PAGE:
ElBacha 2010 Abstract IOC60

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El-Bacha T, Abud M, Galina A, Da Poian AT (2010) Bioenergetics of liver mitochondria from mice infected with Dengue virus. MiPNet15.10.

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El-Bacha T, Abud M, Galina A, Da Poian AT (2010)

Event: MiPNet15.10_IOC60

DenV infection is the major worldwide life-threatening human arbovirosis. In Brazil, over 150,000 cases were notified this year, corresponding to a 70% increase compared to the same period in 2009. Hemostatic alterations and plasma leakage are some of events related to DenV pathogenesis, suggesting that microvascular endothelium function and integrity might have a primordial role in DenV diseases. Additionally, liver dysfunction plays a central role in severe infection. We have shown that DenV infection of human hepatic cells caused profound alterations on mitochondrial function, reflected by decreased mitochondrial membrane potential, efficiency in synthesizing ATP and intracellular ATP content (doi:10.1016/j.bbadis.2007.08.003). Few experimental models are recently been developed which reproduce many of the infection symptoms in humans. The aim of the present work was to evaluate the bioenergetics of isolated liver mitochondria from mice infected with DenV virus. 5-week old mice were infected or mock- infected with DenV virus (100 pfu/animal). After 5 days, animals were sacrificed for hematological analysis and liver mitochondria were isolated as described in MiPNet11.05. Liver mitochondria from DenV-infected animals presented altered bioenergetic parameters when compared to mitochondria from mock-infected animals. Oligomycin-sensitive respiration (coupled respiration) presented a 34% decrease in mitochondria from infected animals and when it was normalized by maximum Electron Transport System (ET-pathway) capacity (induced by FCCP) corresponded to 35% and 21% in mock and DenV-infected animals, respectively. Leak (oligomycin-insensitive) respiration was 17% increase in DenV-infected mitochondria, although no difference was detected when normalized by ET capacity, corresponding to 23 and 22% of maximum respiration in mock-infected and DenV-infected animals, respectively. Analyzing respiratory complexes-driven respiration it was found an increase in both respiratory control ratio of complex I and complex II in mitochondria from DenV-infected animals when compared to controls. These early alterations in mitochondrial bioenergetics in liver from infected mice might be associated to liver dysfunction characteristic of severe DenV infection. Particularly, alterations in oxygen consumption coupled to ATP synthesis might be related to the mechanisms by which DenV virus interact with mammalian host metabolism, manipulating and driving metabolic intermediates for their own replication. A detailed characterization of these alterations appears to be critical for the understanding of DenV pathogenesis and for the development of effective therapy against DenV diseases.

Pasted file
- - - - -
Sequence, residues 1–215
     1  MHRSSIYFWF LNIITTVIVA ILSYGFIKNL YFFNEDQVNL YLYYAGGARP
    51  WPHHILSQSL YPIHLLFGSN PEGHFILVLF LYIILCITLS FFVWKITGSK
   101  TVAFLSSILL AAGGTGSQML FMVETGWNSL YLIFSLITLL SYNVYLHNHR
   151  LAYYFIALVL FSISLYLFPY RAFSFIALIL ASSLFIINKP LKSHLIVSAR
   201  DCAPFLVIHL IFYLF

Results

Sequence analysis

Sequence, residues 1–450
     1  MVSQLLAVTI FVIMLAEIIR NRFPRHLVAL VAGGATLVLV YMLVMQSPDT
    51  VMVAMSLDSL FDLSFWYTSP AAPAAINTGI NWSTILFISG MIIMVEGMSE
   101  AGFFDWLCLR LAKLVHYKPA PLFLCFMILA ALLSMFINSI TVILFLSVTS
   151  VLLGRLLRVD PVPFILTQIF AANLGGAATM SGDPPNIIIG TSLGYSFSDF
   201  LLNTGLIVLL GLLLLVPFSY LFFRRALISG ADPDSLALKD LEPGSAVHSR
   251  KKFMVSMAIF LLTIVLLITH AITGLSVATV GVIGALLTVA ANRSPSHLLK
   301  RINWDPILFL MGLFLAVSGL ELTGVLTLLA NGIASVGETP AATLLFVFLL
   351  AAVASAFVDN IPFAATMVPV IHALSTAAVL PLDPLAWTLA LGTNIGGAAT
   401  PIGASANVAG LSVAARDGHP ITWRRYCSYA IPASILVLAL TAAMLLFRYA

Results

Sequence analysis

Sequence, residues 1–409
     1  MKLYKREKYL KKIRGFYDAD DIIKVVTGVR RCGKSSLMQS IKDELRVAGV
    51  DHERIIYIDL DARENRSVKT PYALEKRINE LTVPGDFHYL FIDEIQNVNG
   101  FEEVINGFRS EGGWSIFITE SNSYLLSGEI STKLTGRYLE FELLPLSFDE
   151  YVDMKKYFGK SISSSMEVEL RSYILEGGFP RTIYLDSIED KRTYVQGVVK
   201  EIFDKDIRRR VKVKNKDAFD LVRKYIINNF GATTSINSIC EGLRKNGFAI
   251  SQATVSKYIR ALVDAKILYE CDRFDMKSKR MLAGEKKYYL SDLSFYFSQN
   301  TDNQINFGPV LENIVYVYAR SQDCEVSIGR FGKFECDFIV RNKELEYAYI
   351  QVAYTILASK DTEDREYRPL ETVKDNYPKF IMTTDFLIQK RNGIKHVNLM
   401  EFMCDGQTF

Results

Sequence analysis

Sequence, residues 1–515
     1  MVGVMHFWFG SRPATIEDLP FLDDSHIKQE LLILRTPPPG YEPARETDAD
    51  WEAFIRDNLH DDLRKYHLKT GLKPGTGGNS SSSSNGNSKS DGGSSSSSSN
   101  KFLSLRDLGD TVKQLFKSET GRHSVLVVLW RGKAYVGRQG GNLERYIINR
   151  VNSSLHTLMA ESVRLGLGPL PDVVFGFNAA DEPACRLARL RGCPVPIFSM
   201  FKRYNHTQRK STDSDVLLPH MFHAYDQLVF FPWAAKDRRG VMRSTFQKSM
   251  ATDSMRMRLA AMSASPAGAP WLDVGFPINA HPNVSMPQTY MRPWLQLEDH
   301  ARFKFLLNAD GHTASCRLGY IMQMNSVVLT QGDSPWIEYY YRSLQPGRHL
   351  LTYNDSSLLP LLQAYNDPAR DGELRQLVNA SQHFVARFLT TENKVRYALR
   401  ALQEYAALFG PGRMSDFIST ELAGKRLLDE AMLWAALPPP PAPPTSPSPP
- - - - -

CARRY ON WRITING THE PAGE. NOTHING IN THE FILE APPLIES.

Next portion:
O2k-Network Lab: BR Rio de Janeiro Galina A, BR Rio de Janeiro Da Poian AT


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Organism: Mouse  Tissue;cell: Liver  Preparation: Isolated mitochondria  Enzyme: Complex I, Complex II;succinate dehydrogenase 

Coupling state: OXPHOS 

HRR: Oxygraph-2k